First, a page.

Why Monitor for Wastewater Contamination?
Effective and economically viable monitoring techniques, that inform coastal managers of the spatial and temporal variation in the intensity and composition of wastewater discharge into coastal waters, are key to the success of these pollution reduction efforts. Domestic wastewater contains high organic loads, and often a variety of toxic chemicals and substances, such as plastics and heavy metals. Ultimately, these chemicals impair the health and future well-being of both humans and nature. Detailed monitoring information is essential to managers and policy makers, as it allows them to:
- Focus limited resources in areas that are most heavily affected,
- Understand the spatial and temporal extent and variation of pollution threats,
- Understand and communicate if the contaminants pose threats to both humans and nature,
- Identify hotspots of contaminants,
- Assess the effectiveness of enacted interventions, and ultimately,
- Inform future actions and decisions using adaptive-based management.
How do we currently monitor wastewater contamination?
There are currently a diverse set of monitoring techniques for wastewater discharge. These techniques can be broken down into two general categories: a) Proportion of Discharge Water Treated: percent and total flow of industrial and household discharge that is treated versus non-treated; and b) Performance of Treatment: spatial and temporal extent of wastewater derived contaminants, and their impacts on biological oxygen demand in water coming out of treatment plants, as well as in surrounding aquatic ecosystems. The former category gives an idea of how much untreated wastewater enters the system, while the latter provides an evaluation of the performance of wastewater treatment in the area of focus. Hydrologists and civil engineers work together to generate the first estimate, while environmental scientists and modelers, working both in the field and in the lab, combine their efforts to provide the second estimate.
When monitoring performance, what is measured typically differs when assessing threats to humans versus nature. Traditionally, public health threats are quantified by indicator microorganisms, such as fecal coliform or total count of heterotrophic bacteria, to infer presence of human pathogens, human feces, and process change (e.g., increased oxygen demand) in wastewater discharge; or water receiving wastewater discharge. For threats to nature, scientists have focused on monitoring nutrient loads that can change due to increasing wastewater discharge, primarily nitrogen, phosphorus, and oxygen concentrations in the water column. More recently, there has been expanded interest in measuring factors that threaten both humans and nature: toxic chemicals such as heavy metals, hormones, pharmaceuticals, industrial by-products, and plastics. Thus, measuring extent and impact of wastewater contamination involves measuring a large number of response variables – a list that is expanding over time.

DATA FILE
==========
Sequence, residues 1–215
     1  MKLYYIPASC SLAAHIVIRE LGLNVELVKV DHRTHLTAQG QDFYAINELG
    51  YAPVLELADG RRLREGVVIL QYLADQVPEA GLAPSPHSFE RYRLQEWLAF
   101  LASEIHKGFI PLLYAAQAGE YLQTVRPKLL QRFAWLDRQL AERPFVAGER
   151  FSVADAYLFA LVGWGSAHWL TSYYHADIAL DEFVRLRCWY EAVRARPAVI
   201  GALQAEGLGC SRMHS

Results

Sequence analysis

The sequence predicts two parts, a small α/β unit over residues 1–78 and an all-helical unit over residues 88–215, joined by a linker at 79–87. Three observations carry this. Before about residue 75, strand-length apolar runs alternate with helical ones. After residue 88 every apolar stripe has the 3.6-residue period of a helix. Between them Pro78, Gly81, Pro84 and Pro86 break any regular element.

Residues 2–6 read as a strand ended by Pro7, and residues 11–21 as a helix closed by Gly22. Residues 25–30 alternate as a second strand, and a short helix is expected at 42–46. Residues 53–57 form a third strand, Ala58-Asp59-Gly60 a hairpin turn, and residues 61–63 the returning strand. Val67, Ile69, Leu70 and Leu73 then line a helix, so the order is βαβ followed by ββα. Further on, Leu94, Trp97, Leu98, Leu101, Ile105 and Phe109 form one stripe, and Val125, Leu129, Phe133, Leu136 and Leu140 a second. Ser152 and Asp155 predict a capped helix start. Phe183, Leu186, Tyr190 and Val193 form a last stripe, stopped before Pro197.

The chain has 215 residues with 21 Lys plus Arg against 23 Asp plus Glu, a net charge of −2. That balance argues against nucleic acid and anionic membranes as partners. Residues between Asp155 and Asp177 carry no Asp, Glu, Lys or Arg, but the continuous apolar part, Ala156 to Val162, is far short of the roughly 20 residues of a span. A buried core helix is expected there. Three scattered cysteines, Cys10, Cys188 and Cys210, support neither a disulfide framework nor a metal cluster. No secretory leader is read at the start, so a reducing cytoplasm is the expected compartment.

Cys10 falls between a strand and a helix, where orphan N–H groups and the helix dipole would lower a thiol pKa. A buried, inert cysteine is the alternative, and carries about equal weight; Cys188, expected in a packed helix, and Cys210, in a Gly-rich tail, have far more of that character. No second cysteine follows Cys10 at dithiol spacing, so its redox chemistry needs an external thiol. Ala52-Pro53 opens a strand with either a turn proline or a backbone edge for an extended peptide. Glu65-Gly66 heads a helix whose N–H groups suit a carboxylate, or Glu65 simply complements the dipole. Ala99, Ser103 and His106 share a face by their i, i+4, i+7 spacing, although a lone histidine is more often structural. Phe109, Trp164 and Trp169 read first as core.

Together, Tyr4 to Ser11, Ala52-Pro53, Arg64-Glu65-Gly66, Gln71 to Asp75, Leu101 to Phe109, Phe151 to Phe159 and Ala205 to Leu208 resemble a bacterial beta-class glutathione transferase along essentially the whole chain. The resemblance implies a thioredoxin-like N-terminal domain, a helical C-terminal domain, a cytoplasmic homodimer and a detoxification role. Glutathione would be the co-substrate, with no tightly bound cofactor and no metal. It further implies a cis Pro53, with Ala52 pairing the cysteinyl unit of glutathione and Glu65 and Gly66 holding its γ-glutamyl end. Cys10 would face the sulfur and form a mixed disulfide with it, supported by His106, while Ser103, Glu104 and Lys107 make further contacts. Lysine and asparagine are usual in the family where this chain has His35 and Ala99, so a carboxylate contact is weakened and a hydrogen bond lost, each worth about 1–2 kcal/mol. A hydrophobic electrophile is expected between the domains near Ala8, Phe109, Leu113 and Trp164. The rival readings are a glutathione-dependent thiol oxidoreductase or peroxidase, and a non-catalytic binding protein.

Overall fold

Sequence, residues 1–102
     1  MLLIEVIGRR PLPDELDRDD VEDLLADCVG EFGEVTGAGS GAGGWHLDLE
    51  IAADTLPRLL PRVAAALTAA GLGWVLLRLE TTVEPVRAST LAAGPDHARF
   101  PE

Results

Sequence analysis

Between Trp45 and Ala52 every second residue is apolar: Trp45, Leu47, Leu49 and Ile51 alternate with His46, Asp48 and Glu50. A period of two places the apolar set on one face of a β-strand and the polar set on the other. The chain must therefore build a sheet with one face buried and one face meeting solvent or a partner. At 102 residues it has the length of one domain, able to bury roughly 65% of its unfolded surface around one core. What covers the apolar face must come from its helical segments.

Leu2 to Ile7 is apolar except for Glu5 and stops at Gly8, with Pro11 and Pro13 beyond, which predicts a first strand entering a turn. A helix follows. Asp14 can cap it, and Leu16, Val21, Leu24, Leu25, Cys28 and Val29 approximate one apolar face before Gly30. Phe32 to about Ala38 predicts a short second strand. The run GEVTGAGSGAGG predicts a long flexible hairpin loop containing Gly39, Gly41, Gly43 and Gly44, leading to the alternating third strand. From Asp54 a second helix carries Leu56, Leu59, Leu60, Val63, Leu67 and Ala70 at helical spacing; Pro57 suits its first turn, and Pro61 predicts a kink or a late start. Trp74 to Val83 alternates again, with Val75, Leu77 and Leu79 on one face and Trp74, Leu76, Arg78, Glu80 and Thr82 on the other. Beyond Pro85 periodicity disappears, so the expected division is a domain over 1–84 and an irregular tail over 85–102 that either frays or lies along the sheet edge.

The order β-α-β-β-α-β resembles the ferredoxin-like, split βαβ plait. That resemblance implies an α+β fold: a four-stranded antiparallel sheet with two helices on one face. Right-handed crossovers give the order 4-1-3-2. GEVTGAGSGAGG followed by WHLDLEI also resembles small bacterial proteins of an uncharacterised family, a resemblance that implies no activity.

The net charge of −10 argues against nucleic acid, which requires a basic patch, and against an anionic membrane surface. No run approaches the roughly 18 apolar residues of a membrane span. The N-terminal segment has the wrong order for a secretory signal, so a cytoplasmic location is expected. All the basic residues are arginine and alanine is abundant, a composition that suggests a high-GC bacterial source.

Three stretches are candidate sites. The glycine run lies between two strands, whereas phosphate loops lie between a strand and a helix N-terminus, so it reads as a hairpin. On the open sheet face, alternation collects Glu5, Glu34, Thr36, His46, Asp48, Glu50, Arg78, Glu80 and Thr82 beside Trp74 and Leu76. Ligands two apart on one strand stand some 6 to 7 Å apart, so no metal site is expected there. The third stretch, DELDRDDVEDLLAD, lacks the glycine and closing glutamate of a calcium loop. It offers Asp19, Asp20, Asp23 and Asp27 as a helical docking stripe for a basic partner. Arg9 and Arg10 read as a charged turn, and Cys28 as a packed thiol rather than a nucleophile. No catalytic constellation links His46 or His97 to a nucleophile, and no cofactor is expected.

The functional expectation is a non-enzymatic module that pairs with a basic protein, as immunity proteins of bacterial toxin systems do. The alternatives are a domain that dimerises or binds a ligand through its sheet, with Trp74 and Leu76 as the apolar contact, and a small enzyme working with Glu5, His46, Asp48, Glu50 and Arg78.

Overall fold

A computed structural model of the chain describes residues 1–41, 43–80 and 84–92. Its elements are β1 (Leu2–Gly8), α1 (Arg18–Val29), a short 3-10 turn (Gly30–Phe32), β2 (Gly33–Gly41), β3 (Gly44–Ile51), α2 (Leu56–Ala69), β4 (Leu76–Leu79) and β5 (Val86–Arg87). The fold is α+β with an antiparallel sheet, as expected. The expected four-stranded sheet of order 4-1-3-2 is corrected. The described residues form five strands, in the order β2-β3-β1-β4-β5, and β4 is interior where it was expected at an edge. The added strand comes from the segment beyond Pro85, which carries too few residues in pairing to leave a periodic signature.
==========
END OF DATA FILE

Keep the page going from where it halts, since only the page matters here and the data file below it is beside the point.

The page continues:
What limits effective monitoring of the extent of wastewater contamination and its potential impacts on coastal ecosystems?
While the technological know-how (in the scientific literature) does not generally limit our ability to measure a great number of chemicals and pathogens that occur in waters experiencing increasing wastewater discharge; cost, human resources, materials, and lab supplies, do. Other factors that limit effective monitoring and better treatment of wastewater discharge include:
- Most countries fail to integrate monitoring data at a national level.
- Few countries collect data at on-site wastewater treatment (septic systems).
- Most countries have only a small percentage of industries use permits to discharge; and those that do are rarely monitored.
- Monitoring of collected and recorded data from local areas is challenging due to differences in reporting and storage locations, making it hard to combine data to assess temporal and spatial trends.
- When wastewater contamination is monitored, most of the time variables are measured that predict impacts on human health, rather than environmental health. Thus, only a small subset of contaminants is measured.